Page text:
Prepared Foods of March 28, 2005 enewsletter

Many people drink green tea in hopes of warding off cancer, heart disease and immune system ailments, but people who take supplements made from concentrated tea extract with the goal of multiplying those benefits should think twice.

A study completed by University of Mississippi (UM) researchers indicates that extremely high doses of green tea extract actually may activate -- rather than shut down -- genetic mechanisms that help certain tumors survive and grow.

"Drinking green tea still is good for you," said Yu-Dong Zhou, a molecular biologist at the university's National Center for Natural Products Research. "There are thousands of years of evidence on that, but the idea of taking the equivalent of hundreds of cups of tea a day is something that needs to be looked at carefully."

Zhou is principal investigator on a study that examined the effect of high doses of the active ingredients in green tea extract on hypoxia-inducible factor-1 (HIF-1), a key regulator of how tumor cells adapt to low-oxygen conditions. The results were published in a recent issue of the Journal of Natural Products.

Green tea is a popular beverage throughout much of the world and has been used medicinally for centuries in China and India. In areas where people drink a lot of green tea, there is a lower incidence of heart disease and some cancers.

In recent years, several manufacturers have produced dietary supplements containing concentrated extracts of green tea's active ingredients.

The compounds are not toxic in large doses, but high concentrations may not necessarily be healthful, explained Dale Nagle, associate professor of pharmacognosy in the UM School of Pharmacy who worked with Zhou on the project. Many commercial supplements provide far more of the active compounds than a person could obtain by simply drinking tea.

"Nearly all the evidence of the beneficial effects of green tea comes from studies on populations who consume green tea, not tea extract in the form of powder, concentrates or pills," Nagle explained. "There is no direct evidence that taking reasonable quantities of these green tea products is toxic. But the issue here is whether these extremely high doses are really beneficial.

"The fact that the green tea ingredient known as ECG activates HIF-1 -- which can have different effects depending on the type of tumor -- means it may not have the desired effect that people think they're getting."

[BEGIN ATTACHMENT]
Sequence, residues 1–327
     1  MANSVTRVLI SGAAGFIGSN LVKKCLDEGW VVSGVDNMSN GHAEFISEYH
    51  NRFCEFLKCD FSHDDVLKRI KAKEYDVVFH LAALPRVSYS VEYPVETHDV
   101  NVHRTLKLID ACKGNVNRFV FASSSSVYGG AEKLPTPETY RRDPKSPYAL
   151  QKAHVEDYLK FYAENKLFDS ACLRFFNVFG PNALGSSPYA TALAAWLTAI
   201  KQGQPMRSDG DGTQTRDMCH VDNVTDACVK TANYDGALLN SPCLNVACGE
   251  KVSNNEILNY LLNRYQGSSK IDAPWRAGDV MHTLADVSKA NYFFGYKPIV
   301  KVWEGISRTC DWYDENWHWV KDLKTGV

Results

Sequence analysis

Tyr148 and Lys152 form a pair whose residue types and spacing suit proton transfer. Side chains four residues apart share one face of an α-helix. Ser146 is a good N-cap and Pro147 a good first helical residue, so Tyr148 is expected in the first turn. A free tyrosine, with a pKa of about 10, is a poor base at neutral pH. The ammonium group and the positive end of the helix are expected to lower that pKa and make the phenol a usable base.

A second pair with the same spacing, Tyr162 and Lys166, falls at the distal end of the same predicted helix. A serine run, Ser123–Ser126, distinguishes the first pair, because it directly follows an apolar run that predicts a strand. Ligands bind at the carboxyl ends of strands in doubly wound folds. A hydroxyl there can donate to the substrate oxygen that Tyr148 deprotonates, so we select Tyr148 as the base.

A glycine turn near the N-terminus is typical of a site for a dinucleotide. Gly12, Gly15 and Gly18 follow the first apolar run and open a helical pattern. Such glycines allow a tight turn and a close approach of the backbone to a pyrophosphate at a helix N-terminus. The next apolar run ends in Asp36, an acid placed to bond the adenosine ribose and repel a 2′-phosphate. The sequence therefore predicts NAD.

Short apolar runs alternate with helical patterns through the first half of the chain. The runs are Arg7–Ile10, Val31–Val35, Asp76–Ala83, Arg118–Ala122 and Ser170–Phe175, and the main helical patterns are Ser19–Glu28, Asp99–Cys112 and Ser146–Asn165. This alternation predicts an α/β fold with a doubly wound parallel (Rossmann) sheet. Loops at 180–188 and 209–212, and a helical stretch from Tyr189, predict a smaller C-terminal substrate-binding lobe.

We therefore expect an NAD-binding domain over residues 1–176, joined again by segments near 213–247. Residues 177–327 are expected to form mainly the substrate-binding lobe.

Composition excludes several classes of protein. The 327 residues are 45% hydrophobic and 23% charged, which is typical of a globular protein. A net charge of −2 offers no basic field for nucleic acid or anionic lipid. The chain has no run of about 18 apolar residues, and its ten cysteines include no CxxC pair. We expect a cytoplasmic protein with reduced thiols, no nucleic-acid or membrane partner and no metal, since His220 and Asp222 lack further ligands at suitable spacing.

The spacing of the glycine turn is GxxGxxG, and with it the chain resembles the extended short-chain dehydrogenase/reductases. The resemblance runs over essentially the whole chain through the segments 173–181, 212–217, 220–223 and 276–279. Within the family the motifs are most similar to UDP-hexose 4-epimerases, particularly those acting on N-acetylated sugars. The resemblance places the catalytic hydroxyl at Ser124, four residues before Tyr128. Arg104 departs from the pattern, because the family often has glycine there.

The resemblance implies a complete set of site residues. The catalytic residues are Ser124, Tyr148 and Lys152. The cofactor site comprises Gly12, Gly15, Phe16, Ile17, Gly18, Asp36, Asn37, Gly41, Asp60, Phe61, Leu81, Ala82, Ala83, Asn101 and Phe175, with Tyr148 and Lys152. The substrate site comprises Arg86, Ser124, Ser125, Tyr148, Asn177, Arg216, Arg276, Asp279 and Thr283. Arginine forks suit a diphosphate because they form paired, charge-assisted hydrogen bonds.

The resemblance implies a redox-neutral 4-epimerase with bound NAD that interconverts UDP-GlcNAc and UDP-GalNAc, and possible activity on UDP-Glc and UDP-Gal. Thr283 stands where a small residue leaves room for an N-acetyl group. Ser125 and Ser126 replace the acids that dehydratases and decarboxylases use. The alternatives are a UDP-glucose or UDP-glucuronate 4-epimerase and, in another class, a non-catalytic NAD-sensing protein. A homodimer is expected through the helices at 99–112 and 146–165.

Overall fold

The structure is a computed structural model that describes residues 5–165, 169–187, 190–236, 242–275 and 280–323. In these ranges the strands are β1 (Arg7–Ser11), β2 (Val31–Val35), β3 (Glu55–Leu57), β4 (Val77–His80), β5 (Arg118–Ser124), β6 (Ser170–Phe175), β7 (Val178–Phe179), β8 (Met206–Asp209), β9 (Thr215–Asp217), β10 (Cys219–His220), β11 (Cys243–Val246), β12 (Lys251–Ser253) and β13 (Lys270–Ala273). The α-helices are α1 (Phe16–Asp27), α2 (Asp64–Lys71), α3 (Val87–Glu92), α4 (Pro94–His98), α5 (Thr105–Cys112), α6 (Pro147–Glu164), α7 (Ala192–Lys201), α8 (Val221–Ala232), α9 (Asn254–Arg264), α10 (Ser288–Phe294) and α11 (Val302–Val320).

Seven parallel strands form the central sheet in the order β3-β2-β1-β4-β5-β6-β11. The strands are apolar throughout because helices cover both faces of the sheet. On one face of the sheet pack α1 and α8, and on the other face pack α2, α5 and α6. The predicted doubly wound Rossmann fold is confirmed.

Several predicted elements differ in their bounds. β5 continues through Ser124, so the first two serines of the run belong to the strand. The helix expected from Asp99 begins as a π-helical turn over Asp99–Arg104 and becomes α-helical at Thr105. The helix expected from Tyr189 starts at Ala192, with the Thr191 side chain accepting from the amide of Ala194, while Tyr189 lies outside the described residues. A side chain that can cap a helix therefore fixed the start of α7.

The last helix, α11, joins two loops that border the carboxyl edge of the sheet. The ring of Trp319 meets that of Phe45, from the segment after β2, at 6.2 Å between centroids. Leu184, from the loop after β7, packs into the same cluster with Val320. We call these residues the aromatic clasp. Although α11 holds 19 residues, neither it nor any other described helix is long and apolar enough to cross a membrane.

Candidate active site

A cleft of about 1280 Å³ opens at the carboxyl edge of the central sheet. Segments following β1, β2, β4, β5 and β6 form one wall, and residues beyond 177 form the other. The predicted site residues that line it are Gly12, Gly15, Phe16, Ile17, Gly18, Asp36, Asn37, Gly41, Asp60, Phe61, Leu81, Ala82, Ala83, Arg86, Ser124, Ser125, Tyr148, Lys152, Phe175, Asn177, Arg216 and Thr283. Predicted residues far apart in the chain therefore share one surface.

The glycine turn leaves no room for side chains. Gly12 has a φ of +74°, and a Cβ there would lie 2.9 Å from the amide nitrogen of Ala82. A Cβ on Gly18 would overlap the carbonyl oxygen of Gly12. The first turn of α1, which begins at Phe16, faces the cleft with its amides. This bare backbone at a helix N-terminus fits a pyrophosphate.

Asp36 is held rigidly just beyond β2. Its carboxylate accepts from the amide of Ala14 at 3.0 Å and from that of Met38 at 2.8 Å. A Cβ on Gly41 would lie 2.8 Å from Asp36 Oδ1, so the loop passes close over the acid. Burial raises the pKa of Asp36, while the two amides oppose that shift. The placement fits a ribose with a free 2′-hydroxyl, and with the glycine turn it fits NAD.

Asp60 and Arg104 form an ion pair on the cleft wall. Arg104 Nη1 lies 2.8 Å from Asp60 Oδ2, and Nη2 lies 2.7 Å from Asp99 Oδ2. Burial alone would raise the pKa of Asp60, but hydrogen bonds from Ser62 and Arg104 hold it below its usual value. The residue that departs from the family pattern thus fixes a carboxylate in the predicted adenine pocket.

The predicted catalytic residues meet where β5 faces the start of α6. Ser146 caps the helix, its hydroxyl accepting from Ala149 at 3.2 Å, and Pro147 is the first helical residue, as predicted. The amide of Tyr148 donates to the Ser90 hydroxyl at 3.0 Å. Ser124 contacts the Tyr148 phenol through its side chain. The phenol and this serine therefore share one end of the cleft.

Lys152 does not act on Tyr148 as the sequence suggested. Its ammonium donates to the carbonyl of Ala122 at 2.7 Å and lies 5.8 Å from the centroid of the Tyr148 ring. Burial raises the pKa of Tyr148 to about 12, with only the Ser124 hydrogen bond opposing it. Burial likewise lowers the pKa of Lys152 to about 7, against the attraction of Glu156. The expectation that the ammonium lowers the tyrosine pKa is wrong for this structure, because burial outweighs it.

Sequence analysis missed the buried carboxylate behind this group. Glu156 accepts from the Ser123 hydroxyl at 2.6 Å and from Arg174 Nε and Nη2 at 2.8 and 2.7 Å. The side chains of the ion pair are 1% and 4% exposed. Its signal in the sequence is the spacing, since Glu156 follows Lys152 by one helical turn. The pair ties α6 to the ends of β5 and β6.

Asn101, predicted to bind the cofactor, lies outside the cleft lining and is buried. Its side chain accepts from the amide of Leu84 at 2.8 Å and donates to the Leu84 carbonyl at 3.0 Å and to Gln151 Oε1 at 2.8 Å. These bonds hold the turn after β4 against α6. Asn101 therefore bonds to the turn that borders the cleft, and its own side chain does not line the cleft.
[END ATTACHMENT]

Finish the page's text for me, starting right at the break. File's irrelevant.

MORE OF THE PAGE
The active compounds in green tea could actually serve dual functions, inhibiting HIF-1 at low concentrations and activating it at higher doses, Zhou said.

"At low concentrations, it doesn't seem to have this potentially negative effect as we saw in the lab," she said. "A lot more study needs to be done to see what the outcome will be in people who take high doses of these compounds."

"In theory, this effect on HIF-1 could suppress some early forms of tumors but may actually help other tumors -- especially some of the more aggressive ones -- survive and grow," Nagle said.

Zhou began studying green tea compounds more than three years ago, originally because they are touted as having antioxidant properties.

"We ran the experiment looking for one thing and found something totally different," she said.

The project was funded initially by the UM Office of Research and Sponsored Programs through its Faculty Research Fellows program. Additional support for this research has come from the Department of Defense's Breast Cancer Research Program and the National Cancer Institute.

Cautioning that the results are preliminary -- the study was performed using cultured cells in test tubes -- Zhou noted that taking extremely high doses of any dietary supplement is worrisome to researchers.

"We can't really tell people for sure what will happen when they take these high doses," she said. "Our best advice is to be careful. This needs to be studied carefully, and it will take time to determine what the actual overall effects are."